Hi Carol – I would just like to point out that in the mainstream media we have Rebecca Wright at TV3. The political editor of the Dominion Post is Tracy Watkins, the political editor of the NZ Herald is Audrey Young. I think Maggie Tait is the political editor for the NZPA and at least two of RNZ’s main political journalists are women, one of whom is the leader of the press gallery I believe. The Nation has several female journalists and a female producer. I think women are quite well represented in political journalism and rightly so.

    I do think the print news media has a reasonable amount of female political news journalists/commentators, but on the main FTA TV news & the news, current affairs shows on the weekends, the main journos seem to me to be male. Partly, it depends on what is the MSM – to me it is the main TV news, and the front pages of the newspapers.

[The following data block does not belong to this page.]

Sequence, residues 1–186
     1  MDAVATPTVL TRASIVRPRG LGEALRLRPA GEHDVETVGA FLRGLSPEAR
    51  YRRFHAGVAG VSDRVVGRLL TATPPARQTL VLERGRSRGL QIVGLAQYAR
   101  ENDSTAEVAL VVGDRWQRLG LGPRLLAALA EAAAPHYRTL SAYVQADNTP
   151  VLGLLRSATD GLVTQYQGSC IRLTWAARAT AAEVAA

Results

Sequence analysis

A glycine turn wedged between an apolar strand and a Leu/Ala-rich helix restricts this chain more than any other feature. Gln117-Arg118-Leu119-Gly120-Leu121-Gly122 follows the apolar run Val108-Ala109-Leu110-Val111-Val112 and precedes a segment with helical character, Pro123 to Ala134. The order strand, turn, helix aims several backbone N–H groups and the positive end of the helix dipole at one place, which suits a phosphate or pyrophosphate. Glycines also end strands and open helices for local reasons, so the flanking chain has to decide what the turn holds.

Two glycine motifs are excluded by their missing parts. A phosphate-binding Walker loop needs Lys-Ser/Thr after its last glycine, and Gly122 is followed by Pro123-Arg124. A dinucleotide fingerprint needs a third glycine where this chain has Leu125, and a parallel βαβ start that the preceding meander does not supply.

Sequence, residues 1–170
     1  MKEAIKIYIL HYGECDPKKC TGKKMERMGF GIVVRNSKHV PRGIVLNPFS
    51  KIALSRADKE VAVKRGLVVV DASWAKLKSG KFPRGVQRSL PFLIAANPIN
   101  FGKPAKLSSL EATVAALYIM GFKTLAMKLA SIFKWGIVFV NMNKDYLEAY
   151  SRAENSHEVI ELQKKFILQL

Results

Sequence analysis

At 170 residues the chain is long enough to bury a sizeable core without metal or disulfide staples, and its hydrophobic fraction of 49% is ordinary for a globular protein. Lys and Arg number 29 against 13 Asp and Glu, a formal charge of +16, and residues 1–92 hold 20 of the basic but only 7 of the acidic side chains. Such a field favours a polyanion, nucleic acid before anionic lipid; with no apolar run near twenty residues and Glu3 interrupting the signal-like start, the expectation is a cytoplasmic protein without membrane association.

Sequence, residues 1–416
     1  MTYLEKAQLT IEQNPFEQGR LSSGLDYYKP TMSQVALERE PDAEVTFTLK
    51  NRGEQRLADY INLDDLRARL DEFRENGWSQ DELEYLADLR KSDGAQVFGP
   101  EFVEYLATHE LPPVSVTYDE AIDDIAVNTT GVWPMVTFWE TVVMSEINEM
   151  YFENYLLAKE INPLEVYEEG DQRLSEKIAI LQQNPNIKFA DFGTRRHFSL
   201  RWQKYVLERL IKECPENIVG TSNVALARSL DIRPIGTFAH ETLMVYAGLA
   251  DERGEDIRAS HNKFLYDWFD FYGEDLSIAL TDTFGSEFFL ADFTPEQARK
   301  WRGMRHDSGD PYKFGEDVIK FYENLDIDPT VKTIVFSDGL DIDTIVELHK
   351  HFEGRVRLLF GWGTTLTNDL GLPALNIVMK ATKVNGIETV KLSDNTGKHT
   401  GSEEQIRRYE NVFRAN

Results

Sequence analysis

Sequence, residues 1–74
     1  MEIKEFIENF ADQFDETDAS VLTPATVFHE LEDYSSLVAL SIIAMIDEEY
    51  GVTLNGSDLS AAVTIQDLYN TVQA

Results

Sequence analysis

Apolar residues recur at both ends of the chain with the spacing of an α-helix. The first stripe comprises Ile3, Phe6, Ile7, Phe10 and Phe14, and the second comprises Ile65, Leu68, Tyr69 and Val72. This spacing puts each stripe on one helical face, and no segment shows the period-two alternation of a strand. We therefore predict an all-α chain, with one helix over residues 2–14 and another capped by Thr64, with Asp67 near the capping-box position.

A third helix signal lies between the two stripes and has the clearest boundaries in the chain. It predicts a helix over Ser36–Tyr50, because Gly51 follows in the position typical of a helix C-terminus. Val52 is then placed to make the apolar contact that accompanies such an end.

• Carol 2.1

      Whoops. I wasn’t able to edit the above post because it went through moderation. The last paragraph is my views & not a quote. ie I said:

      I do think the print news media has a reasonable amount of female political news journalists/commentators, but on the main FTA TV news & the news, current affairs shows on the weekends, the main journos seem to me to be male. Partly, it depends on what is the MSM – to me it is the main TV news, and the front pages of the newspapers.

      PS. I don’t see RNZ as MSM, and I do like that it has a few female political journalists.

      • Bill 2.1.1

        I guess bias is, at least to a degree in the eye of the beholder.